Recently I became aware of Harvard psychologist Dan Gilbert, whose book Stumbling on Happiness reveals some amazing research on what makes people happy.
|Click on the book cover to go to the official website.|
This is a book that I'm going to have to get, as soon as I can budget for it (money being tight right now). In the meantime, there's a video of a TEDtalks presentation ("The Surprising Science of Happiness") given by Dan Gilbert which apparently covers some of the material presented in the book. The clip can be viewed at either the TEDtalks site or on YouTube. Here's a link to the YouTube version:
One of the amazing results of research (a factoid?) presented by Gilbert in this lecture: people who won the lottery, and people who became paraplegic (lost the use of arms and/or legs) rate as psychologically equally happy with their lives one year after the event. In fact, on the bar graph Gilbert presents of the data, the paraplegic group is just a tick happier than the lottery winners!
|Screencap from Dan Gilbert's TEDtalks presentation.|
This is somehow stunning — yet not unexpected — to me. My spiritual tradition teaches that happiness is not dependent on external things like wealth or social standing or political power — or any particular situation or location. Happiness is a quality of mind and a way of reacting to the content of our mental processes. You cultivate happiness; it's not something that you find somewhere. But this little illustration from Dr. Gilbert brings home the point in stunning clarity. You probably thought, as I did, "Wow...if a severely disadvantaged person such as a paraplegic is happier with his or her life than I am, then something's wrong here."
An important point that I've heard several spiritual teachers/wise people from various cultures, religions or societies emphasize is that even happiness can be an impediment to your own mental health. Or more precisely, the craving for or clinging to happiness can paradoxically cause unhappiness if your quest for happiness doesn't succeed. Therefore, you need to create happiness in whatever situation or experience you happen to find yourself in, in the moment.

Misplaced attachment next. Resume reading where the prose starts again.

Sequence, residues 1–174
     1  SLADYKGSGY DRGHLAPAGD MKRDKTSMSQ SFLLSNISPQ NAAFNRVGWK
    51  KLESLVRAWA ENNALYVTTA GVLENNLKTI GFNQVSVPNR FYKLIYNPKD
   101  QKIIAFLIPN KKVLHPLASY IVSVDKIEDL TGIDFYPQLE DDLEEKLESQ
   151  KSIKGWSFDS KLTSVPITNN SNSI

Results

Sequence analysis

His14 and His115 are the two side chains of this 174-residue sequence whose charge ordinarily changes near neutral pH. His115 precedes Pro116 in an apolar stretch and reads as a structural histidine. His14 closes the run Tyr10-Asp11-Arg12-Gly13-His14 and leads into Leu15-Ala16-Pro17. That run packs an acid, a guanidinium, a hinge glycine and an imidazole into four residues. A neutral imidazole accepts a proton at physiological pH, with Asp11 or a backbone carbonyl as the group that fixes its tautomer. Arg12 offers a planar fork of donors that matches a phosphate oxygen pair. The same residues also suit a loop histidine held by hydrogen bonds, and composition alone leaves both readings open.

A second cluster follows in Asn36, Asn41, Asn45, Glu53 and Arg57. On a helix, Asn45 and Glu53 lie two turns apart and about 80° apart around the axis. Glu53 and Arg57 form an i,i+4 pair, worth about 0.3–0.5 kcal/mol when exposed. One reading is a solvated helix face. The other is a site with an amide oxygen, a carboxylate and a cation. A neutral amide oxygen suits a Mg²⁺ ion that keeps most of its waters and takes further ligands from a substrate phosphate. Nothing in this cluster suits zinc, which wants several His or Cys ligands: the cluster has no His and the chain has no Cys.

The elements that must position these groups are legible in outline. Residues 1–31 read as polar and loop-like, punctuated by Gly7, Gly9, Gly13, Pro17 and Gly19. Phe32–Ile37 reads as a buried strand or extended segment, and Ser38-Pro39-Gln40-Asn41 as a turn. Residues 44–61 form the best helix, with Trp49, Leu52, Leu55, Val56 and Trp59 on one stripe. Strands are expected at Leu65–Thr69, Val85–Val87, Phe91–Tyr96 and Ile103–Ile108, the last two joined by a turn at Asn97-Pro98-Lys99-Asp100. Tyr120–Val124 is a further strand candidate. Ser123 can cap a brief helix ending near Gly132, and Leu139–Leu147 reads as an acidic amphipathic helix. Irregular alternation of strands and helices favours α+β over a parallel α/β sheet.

Paradoxically, for me to find happiness, I have to drop even the idea of happiness, and to settle back and find value in, and be grateful for, whatever I'm experiencing in this moment — pleasant, unpleasant, neutral.
Physican, meditator and Huffington Post contributor Mark Hyman touches on this in his essay, "Why Doing Nothing is the Key to Happiness:"
What matters most in life is the quality of our experience, the ability to be awake to what is real and true in our lives, for the difficult and the happy times, to be awake to each person we touch, to our own experience, to the moment we are in, to the simple, sweet, and alive gifts of a smile, a touch, a kind deed, the breeze on our skin, or a firefly flickering in the early summer night.
But that is harder than it sounds. Our monkey mind gets in the way. In order to pay attention we need to be quiet, to be practiced at stillness, to know the habits of our mind and be skilled at dancing with them, not to be controlled or dominated by them. To witness the thoughts and feelings we have without having them overwhelm, dominate, and control our lives.
So that is my task now, to paradoxically find happiness by not seeking it.